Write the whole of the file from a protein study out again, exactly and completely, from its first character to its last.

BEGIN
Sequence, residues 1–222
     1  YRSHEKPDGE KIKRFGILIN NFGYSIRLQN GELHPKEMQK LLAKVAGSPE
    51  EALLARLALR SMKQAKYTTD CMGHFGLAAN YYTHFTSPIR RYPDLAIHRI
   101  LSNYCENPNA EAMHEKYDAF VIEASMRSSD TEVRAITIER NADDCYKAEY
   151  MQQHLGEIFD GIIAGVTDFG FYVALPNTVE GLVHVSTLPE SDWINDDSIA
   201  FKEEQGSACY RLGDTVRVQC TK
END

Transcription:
Sequence, residues 1–222
     1  YRSHEKPDGE KIKRFGILIN NFGYSIRLQN GELHPKEMQK LLAKVAGSPE
    51  EALLARLALR SMKQAKYTTD CMGHFGLAAN YYTHFTSPIR RYPDLAIHRI
   101  LSNYCENPNA EAMHEKYDAF VIEASMRSSD TEVRAITIER NADDCYKAEY
   151  MQQHLGEIFD GIIAGVTDFG FYVALPNTVE GLVHVSTLPE SDWINDDSIA
   201  FKEEQGSACY RLGDTVRVQC TK